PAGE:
“As dependence on robots in every day applications increases, there will be greater expectations in terms of safety, performance and reliability,” said Weimer. “Specialty insurers that have been providing products to dynamic, cutting edge industries for many years will be in the best position to support the robotics industry with innovative and tailored insurance solutions.”
Robotics is a very diverse industry segment with a growing range of new commercial, industrial, and consumer applications that pose unique challenges for insurance companies, Weimer acknowledged.
“Even if a robot performs as intended, lawsuits may result from allegations that the robot caused injury or damage, which may, in fact, have been caused by the end-user’s improper use of the robot,” he said.
The level of insurance coverage a robotics company will require and the need for specialized protection depends, at least in part, on the specific end-use application.
“Standard and specialty insurance products are currently available from several insurers that address many of the risks faced by developers of robotic products,” explained Weimer. “However, the risk appetite and willingness to offer certain types of insurance for a robotics firm will vary greatly among insurers depending on the specific end-use of the robot product.”
For example, a company developing a robotic product for surgical applications may require a specialty insurance product to cover the medical trial phase, while a relatively standard insurance product may be sufficient for the commercially released version.
Part of the reason the insurance landscape is so unpredictable, is because insurers, reinsurers, and robotics developers don’t have robot-specific legislation and regulations to work within, says LGL’s Wenzel.
“Government is always much, much slower than technology. But, as an entrepreneur, you have to take the risk, develop your system, and bring it to market,” said Wenzel. “The Internet started this way. E-commerce started in this way. And I am convinced that robotics will start this way too.”
If robotics industry standards were legally enforced and the insurance industry set standards which robotics companies had to meet to qualify for specific insurance products, then robot developers might be better placed to avoid the cost of specialty insurance.
The kind of certainty that insurance companies look for comes from legislation and case law, with legislation being “much preferable,” said Donald Light, director, Americas Property/Casualty Practice at research and consulting firm Celent.
“Case law has to accumulate and doesn’t necessarily have any impact from jurisdiction to jurisdiction, so it’s a very slow and awkward process,” he said. “If there’s economic pressure to create enough certainty it will express itself through legislation, I think, not through case law.”
Insurance companies also seek security through data. In a relatively niche market like robotics, that data simply isn’t available.
In probability theory, the Law of Large Numbers (LLN) states that every time an action with an random outcome is performed (such as flipping a coin), the overall average moves closer to the expected value (a 50-50 split between heads and tails).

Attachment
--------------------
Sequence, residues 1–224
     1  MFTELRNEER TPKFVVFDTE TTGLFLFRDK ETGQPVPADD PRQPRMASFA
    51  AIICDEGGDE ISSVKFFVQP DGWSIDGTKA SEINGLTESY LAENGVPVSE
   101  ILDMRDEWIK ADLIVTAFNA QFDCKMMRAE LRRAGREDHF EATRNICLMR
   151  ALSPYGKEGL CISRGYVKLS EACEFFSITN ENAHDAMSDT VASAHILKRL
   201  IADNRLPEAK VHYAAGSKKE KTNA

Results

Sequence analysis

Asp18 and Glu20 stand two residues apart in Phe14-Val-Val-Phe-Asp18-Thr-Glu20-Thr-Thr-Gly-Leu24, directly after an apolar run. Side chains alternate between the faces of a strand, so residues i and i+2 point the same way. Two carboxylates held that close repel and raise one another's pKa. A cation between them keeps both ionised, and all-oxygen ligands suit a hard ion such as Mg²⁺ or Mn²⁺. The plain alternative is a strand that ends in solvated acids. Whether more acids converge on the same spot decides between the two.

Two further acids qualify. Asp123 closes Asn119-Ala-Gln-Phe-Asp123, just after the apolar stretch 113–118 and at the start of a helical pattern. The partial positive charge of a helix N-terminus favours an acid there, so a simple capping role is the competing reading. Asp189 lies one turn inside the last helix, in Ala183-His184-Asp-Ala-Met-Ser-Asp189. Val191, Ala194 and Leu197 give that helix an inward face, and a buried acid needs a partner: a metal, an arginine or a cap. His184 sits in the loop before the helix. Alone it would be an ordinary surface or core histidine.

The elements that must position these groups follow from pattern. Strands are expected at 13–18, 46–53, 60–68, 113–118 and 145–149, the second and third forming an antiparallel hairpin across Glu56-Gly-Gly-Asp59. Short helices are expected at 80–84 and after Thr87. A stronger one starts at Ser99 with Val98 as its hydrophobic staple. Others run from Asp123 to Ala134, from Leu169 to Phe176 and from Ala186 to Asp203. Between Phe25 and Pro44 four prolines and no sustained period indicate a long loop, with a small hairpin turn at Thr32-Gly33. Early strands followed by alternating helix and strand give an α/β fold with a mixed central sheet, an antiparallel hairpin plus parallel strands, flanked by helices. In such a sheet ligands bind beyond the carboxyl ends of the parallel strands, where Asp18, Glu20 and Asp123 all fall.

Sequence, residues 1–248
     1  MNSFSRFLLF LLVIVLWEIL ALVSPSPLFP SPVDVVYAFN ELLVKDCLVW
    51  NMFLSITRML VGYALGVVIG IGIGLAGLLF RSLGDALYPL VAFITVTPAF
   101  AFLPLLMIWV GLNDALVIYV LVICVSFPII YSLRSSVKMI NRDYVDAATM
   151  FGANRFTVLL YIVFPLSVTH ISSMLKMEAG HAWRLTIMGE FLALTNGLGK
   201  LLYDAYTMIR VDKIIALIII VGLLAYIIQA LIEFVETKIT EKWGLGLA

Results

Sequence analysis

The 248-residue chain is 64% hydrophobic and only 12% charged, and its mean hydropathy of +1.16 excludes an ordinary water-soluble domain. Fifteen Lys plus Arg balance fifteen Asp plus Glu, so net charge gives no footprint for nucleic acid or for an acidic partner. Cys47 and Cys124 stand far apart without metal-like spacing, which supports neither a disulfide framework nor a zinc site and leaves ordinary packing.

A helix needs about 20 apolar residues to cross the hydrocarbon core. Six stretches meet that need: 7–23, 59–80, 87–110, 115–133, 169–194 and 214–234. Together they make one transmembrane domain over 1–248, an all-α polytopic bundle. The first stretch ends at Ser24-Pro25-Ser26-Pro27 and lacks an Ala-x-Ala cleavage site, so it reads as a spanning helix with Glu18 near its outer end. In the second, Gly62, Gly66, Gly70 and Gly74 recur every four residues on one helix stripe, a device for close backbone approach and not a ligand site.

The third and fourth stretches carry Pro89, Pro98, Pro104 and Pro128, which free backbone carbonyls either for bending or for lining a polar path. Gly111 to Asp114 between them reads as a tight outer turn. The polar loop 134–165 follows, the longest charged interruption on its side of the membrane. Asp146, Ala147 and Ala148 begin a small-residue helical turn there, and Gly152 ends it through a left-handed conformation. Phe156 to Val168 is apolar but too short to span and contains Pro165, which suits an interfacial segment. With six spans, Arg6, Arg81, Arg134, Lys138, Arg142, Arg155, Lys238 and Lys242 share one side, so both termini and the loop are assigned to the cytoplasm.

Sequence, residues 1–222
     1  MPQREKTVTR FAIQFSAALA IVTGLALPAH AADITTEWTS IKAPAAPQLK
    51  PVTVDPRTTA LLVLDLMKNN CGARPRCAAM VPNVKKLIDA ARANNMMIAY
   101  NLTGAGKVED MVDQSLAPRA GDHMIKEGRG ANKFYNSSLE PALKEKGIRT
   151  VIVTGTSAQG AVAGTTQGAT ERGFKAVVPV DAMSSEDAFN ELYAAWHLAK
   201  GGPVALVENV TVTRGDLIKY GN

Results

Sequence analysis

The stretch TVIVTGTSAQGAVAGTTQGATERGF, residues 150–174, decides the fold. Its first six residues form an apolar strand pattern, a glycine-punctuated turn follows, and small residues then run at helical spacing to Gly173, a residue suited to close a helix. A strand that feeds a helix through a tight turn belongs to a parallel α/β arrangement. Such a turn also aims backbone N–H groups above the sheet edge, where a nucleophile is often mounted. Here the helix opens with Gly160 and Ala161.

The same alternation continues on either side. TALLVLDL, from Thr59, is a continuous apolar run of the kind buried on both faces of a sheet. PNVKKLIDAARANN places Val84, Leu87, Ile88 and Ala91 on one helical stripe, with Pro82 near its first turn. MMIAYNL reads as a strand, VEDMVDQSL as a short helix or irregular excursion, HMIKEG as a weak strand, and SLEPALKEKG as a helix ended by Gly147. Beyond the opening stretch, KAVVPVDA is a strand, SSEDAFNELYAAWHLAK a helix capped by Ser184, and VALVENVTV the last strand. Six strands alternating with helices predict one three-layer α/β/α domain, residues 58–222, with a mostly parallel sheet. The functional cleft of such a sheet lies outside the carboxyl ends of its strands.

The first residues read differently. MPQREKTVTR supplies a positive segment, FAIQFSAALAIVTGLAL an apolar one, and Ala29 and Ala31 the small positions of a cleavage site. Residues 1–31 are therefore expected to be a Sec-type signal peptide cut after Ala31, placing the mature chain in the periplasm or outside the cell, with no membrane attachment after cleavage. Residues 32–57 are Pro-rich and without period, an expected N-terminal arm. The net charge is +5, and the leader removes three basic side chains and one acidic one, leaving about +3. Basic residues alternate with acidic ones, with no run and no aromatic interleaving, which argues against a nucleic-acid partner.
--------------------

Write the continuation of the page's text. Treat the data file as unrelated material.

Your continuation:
The LLN is an invaluable tool for insurance companies as it enables them to understand the nature of risk over time. Unfortunately, for next-gen robotics companies, the law only applies where a large number of observations is possible.
“Insurance companies like the LLN,” explained Light. “The nature of the insurance mechanism is that if you have a lot of similar risks then you can understand the nature of that risk and the probabilities of losses occurring. Then you can make intelligent pricing decisions so that you can pay your claims and still make enough money to operate and make a little bit of a profit. That’s the insurance financial model.”
The problem is that there aren’t a lot of robots being sold and used, and so the LLN does not apply. As a result, robotics remains “a difficult risk for insurance companies to understand.”
In terms of measuring risk via the LLN, a robotics manufacturer that sells 300 robots in a year is effectively the same as a manufacturer that sells one robot per year, says Light. And the result is likely to be the same: a costly, specialty insurance policy that’s negotiated on a one-off basis.
“But if there’s a dozen robot manufacturers selling 3,000 robots a year, then we’re getting into the LLN territory where some insurance companies will develop standard policies and even start competing against each other on price,” said Light.
For that stage to be reached however, the robotics market needs to grow and mature so that the data available to insurers reaches LLN proportions.
Decision-making autonomous systems
The real challenges will come with fully autonomous systems, in which the decision-making role traditionally performed by humans is taken over by machines, says LGL’s Wenzel.
“In today’s car insurance, humans are the common decision-making factor,” according to Wenzel. “Today’s car insurance products place a value on the quality of human decision making when driving a car. In the future, they will have to place a value on the decision making of the car itself.”
This will also require insurance companies to take into account the robot’s sensors, actuators, and safety systems. And since these components vary so much from product to product, says Wenzel, insurance companies have to assess risk on a per product basis, which almost invariably leads to costly specialty insurance coverage.
And in the absence of robot-specific legislation and regulation, and the LLN in force, this situation unlikely to change anytime soon.
So, what can robotics developers, startups, and others, do to improve their chances of successfully navigating this unpredictable landscape? Find out in Part II, where expert sources in robotics and insurance share their tips and advice.